This section includes eighty-six short original essays commissioned for the inaugural issue of TSQ: Transgender Studies Quarterly. Written by emerging academics, community-based writers, and senior scholars, each essay in this special issue, “Postposttranssexual: Key Concepts for a Twenty-First-Century Transgender Studies,” revolves around a particular keyword or concept. Some contributions focus on a concept central to transgender studies; others describe a term of art from another discipline or interdisciplinary area and show how it might relate to transgender studies. While far from providing a complete picture of the field, these keywords begin to elucidate a conceptual vocabulary for transgender studies. Some of the submissions offer a deep and resilient resistance to the entire project of mapping the field terminologically; some reveal yet-unrealized critical potentials for the field; some take existing terms from canonical thinkers and develop the significance for transgender studies; some offer overviews of well-known methodologies and demonstrate their applicability within transgender studies; some suggest how transgender issues play out in various fields; and some map the productive tensions between trans studies and other interdisciplines.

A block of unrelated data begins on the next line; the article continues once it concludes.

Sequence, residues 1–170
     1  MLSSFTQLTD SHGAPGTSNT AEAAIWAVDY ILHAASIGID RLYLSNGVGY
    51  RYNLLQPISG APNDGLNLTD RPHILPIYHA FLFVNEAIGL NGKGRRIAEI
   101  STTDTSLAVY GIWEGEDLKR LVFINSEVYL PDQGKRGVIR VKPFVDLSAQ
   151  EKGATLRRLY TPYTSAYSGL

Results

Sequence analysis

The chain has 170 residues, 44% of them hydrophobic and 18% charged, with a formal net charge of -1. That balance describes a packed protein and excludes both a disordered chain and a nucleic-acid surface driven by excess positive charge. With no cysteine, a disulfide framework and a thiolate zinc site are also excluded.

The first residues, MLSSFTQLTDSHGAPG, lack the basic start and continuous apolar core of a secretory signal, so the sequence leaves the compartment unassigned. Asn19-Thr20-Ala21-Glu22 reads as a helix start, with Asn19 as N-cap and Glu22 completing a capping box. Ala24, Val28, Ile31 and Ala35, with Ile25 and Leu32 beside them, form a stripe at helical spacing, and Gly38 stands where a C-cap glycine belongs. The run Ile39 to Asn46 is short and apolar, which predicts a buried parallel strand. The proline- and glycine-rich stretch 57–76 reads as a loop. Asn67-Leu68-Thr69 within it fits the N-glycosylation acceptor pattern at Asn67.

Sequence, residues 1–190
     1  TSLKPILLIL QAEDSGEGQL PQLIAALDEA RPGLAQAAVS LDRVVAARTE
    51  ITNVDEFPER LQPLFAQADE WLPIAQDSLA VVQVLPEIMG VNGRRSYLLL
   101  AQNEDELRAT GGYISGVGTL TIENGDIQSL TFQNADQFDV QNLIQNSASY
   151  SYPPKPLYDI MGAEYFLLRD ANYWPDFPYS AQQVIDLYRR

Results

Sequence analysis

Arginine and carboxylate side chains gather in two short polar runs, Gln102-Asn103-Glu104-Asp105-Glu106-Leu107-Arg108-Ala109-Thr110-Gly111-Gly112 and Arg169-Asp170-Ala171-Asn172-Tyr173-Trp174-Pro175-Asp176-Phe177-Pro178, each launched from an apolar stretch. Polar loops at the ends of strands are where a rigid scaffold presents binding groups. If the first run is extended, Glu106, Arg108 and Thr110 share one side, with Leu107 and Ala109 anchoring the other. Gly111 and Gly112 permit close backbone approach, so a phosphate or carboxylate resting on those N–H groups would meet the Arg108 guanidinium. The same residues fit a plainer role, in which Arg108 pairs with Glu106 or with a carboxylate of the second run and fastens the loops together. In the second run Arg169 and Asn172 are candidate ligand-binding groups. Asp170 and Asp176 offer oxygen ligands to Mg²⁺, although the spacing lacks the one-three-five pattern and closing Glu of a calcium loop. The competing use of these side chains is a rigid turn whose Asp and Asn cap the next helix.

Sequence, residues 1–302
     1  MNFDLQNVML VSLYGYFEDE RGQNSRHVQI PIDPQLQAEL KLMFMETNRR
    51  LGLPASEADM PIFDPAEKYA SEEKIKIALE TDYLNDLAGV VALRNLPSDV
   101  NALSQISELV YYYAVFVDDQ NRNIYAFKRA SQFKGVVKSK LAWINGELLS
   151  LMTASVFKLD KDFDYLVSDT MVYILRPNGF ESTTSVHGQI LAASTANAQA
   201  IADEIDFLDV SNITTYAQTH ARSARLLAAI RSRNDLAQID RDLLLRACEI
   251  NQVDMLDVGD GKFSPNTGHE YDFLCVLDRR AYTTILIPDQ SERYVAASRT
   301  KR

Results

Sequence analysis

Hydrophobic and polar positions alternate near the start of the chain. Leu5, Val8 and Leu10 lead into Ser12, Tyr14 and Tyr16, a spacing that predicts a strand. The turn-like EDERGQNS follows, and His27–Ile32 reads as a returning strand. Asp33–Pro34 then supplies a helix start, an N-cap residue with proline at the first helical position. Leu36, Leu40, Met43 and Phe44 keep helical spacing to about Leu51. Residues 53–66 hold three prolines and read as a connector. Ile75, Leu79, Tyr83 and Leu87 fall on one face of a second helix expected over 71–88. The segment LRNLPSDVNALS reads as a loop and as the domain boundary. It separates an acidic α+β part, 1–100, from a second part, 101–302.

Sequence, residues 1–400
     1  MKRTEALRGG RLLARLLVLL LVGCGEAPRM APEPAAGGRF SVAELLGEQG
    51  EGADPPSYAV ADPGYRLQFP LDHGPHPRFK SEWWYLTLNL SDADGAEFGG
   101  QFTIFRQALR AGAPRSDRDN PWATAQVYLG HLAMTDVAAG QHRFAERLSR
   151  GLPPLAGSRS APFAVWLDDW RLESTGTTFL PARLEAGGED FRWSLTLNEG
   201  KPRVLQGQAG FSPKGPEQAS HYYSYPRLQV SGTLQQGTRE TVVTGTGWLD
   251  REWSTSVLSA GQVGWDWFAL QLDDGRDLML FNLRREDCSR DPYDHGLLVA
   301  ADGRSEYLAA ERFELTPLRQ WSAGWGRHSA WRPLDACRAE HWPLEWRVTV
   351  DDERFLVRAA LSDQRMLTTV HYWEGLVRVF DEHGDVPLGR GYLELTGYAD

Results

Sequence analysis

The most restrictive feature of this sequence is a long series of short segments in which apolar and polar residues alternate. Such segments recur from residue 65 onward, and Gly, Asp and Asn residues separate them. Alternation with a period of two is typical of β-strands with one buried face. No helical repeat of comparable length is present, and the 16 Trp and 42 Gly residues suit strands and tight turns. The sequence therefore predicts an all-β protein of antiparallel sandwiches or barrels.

Transgender histories and TV intertwine. RuPaul's All Stars Drag Race (2012) resurrects Thelma Harper (Vicki Lawrence) of The Carol Burnett Show, a series that, in its original run, included a skit set at a trans person's class reunion. In Gender Outlaws: The Next Generation (2010: 10–11), Kate Bornstein and S. Bear Bergman point to Star Trek and Star Trek: The Next Generation as shared cultural touchstones. References to TV in scholars' accounts of their self-recognition as trans signal further connections between television and trans history. Milton Berle's drag performances, Leslie Feinberg recalls, “hit too close to home. I longed to wear the boys' clothing I saw in the Sears catalog” (1996: 4). Jamison Green's viewing of NBC's 1955 broadcast of Peter Pan starring Mary Martin as the title character instigated “one of those lucid moments” of early male identification. “I clearly remember thinking,” he writes, “ ‘if she can be a boy, then so can I’ ” (2004: 11–12).